**Larval transport**

"Larval transport is defined as the horizontal translocation of a larva between points x1,y1 and x2,y2, where x and y are

horizontal axes, say, perpendicular and parallel to the coastline. In larval transport, only the spatial dimensions matter.

Although this definition ignores the vertical axis (z) for simplicity, this dimension is critical for larval transport"

horizontal axes, say, perpendicular and parallel to the coastline. In larval transport, only the spatial dimensions matter.

Although this definition ignores the vertical axis (z) for simplicity, this dimension is critical for larval transport"

**Larval dispersal**

"Larval dispersal refers to the spread of larvae from a spawning source to a settlement site. This definition is consistent with the terrestrial literature (natal dispersal in Clobert et al., 2001; Begon et al., 2006) that describes seed dispersal as the probability density function of the number of seeds versus distance from the adult source (i.e., the dispersal kernel) (Nathan and Muller-Landau, 2000; see Gerrodette, 1981, for a rare marine example)."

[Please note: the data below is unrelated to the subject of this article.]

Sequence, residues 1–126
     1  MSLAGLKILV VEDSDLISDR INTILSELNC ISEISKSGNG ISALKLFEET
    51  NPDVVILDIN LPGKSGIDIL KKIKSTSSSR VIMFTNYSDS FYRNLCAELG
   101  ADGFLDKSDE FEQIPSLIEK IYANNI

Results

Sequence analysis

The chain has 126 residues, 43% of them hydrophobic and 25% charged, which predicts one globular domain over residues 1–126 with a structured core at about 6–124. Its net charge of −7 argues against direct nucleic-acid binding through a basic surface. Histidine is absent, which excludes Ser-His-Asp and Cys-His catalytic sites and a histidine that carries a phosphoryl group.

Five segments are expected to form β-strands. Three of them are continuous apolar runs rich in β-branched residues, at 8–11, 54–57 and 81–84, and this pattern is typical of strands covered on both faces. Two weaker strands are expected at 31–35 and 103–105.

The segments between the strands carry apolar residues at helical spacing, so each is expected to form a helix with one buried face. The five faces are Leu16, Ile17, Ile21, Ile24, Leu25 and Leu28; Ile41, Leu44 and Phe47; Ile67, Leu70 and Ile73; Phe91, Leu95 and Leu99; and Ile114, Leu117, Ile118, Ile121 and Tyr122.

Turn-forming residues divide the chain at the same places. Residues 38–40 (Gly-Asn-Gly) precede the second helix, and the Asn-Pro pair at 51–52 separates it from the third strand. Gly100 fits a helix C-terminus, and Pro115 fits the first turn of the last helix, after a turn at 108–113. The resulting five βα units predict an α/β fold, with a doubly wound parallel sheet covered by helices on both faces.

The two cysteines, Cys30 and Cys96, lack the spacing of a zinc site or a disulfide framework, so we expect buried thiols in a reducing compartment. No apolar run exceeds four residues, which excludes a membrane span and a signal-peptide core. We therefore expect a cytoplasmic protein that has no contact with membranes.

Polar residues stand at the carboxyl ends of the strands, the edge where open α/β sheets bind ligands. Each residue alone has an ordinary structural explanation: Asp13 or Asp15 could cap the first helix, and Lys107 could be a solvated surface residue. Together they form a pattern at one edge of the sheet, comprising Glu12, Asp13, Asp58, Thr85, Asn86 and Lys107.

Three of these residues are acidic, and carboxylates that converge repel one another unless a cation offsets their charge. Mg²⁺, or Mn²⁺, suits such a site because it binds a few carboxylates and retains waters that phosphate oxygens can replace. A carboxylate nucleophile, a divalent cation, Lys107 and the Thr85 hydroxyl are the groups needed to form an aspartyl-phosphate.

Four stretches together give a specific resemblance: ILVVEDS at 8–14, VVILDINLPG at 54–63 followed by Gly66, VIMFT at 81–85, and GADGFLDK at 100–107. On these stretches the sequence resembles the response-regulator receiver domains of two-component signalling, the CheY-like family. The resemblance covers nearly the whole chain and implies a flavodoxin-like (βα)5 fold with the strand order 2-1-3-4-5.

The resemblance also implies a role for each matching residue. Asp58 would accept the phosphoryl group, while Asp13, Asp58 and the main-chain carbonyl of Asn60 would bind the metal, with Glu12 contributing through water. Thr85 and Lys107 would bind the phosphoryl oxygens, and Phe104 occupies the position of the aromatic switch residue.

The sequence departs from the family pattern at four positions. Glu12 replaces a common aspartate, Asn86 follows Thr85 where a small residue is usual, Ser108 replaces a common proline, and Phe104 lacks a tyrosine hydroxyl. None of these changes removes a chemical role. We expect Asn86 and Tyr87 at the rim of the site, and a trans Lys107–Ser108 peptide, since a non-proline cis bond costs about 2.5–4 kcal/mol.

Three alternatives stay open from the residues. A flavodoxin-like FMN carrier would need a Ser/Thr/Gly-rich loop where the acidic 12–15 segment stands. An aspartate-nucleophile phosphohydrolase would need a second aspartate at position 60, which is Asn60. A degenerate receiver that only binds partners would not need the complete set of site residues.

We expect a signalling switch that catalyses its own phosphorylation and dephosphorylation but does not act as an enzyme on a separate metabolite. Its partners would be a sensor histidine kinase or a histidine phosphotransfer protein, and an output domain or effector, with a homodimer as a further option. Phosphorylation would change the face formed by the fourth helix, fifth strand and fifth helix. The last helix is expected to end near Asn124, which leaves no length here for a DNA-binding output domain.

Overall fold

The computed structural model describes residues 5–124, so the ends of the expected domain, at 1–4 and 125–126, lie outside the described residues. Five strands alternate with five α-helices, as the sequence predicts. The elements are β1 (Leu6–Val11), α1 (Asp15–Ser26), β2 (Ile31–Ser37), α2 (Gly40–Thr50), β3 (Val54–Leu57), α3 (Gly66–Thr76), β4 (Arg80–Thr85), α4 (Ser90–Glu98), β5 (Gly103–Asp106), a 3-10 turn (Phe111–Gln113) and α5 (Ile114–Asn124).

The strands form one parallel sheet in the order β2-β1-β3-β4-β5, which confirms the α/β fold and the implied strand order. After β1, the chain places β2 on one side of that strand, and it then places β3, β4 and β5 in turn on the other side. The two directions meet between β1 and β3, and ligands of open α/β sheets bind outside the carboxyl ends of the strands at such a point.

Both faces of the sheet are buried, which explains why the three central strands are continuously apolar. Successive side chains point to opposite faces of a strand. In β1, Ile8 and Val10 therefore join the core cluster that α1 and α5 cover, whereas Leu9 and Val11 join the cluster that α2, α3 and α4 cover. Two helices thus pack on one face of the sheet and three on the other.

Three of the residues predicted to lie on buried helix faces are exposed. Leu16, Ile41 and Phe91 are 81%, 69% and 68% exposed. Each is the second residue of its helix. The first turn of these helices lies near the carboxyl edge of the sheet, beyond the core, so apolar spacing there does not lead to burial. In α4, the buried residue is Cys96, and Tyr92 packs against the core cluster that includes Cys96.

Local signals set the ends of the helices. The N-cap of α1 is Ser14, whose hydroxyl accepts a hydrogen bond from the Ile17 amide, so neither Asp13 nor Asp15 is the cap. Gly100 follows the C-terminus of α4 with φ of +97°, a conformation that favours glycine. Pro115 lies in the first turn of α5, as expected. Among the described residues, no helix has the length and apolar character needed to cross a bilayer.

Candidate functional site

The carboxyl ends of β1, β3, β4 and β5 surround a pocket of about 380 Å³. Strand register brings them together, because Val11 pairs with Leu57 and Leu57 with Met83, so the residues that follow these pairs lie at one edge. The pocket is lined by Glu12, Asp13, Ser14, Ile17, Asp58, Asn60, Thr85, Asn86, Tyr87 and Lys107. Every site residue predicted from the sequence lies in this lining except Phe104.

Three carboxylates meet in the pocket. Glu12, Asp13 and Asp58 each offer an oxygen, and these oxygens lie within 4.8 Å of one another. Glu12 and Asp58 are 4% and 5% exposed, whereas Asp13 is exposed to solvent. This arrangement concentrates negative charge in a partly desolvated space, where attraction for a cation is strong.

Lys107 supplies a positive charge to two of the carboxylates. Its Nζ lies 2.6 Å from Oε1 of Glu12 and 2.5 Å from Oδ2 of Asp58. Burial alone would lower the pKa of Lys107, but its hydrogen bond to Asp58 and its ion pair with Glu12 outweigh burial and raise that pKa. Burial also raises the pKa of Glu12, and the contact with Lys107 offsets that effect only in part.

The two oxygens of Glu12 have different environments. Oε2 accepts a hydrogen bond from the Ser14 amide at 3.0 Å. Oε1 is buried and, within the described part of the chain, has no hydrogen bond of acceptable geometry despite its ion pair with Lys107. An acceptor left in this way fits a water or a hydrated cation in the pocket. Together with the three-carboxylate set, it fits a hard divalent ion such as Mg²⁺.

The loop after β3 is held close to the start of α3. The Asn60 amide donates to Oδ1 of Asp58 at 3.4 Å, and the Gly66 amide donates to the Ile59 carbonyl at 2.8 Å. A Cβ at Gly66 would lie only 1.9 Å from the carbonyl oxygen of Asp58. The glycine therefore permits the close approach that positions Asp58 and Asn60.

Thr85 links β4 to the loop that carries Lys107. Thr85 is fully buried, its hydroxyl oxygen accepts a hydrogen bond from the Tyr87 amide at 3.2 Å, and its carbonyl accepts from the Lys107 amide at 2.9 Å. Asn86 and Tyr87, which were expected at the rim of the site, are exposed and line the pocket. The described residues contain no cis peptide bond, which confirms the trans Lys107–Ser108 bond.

(See Scheltema, 1986 and Pineda, Hare and Sponaugle, 2007)

**Population connectivity**

"Population connectivity has been defined as the exchange of individuals among geographically separated subpopulations...By this definition, if the exchange is measured at the time of settlement, connectivity is essentially larval dispersal from one population to another"

(See Cowen et al., 2007, Oceanography, and Pineda, Hare and Sponaugle, 2007)

**Reproductive population connectivity**

The dispersal of individuals among subpopulations that survive to reproduce (see Pineda, Hare and Sponaugle, 2007)

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